A banana is an edible fruit produced by several kinds of large herbaceous flowering plants of the genus Musa. (In some countries, bananas used for cooking may be called plantains.) The fruit is variable in size, color and firmness, but is usually elongated and curved, with soft flesh rich in starch covered with a rind which may be green, yellow, red, purple, or brown when ripe. The fruits grow in clusters hanging from the top of the plant. Almost all modern edible parthenocarpic (seedless) bananas come from two wild species – Musa acuminata and Musa balbisiana. The scientific names of most cultivated bananas are Musa acuminata, Musa balbisiana, and Musa ×paradisiaca for the hybrid Musa acuminata × M. balbisiana, depending on their genomic constitution. The old scientific name Musa sapientum is no longer used.
Musa species are native to tropical South and Southeast Asia, and are likely to have been first domesticated in Papua New Guinea.They are grown in at least 107 countries, primarily for their fruit, and to a lesser extent to make fiber, banana wine and as ornamental plants. In 2013 bananas were fourth among the main world food crops (after rice, wheat, and maize) in financial value.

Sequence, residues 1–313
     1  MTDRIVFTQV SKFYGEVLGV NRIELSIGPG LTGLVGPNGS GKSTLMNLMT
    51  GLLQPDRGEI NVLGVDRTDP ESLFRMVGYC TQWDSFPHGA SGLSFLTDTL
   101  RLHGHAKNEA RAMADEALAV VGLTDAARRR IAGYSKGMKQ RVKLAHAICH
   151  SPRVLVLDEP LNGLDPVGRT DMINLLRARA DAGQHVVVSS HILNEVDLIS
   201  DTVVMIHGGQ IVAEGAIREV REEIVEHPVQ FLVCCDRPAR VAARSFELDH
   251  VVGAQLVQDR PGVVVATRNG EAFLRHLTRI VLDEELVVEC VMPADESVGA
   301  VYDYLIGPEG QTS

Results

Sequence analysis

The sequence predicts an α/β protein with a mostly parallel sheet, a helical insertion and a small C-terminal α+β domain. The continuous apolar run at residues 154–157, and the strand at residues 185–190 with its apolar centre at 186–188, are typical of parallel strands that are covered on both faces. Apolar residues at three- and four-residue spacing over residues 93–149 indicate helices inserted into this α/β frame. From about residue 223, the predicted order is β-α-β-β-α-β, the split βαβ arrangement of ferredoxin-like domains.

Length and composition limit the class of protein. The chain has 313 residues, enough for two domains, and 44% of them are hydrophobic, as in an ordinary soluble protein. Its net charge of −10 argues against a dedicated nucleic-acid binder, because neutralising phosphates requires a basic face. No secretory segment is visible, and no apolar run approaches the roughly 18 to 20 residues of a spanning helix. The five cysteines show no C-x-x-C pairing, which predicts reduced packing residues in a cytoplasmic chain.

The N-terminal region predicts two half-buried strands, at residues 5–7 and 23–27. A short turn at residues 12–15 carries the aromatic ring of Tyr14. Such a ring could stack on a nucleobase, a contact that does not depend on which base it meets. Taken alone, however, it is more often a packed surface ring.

Worldwide, there is no sharp distinction between “bananas” and “plantains”. Especially in the Americas and Europe, “banana” usually refers to soft, sweet, dessert bananas, particularly those of the Cavendish group, which are the main exports from banana-growing countries. By contrast, Musa cultivars with firmer, starchier fruit are called “plantains”. In other regions, such as Southeast Asia, many more kinds of banana are grown and eaten, so the simple two-fold distinction is not useful and is not made in local languages.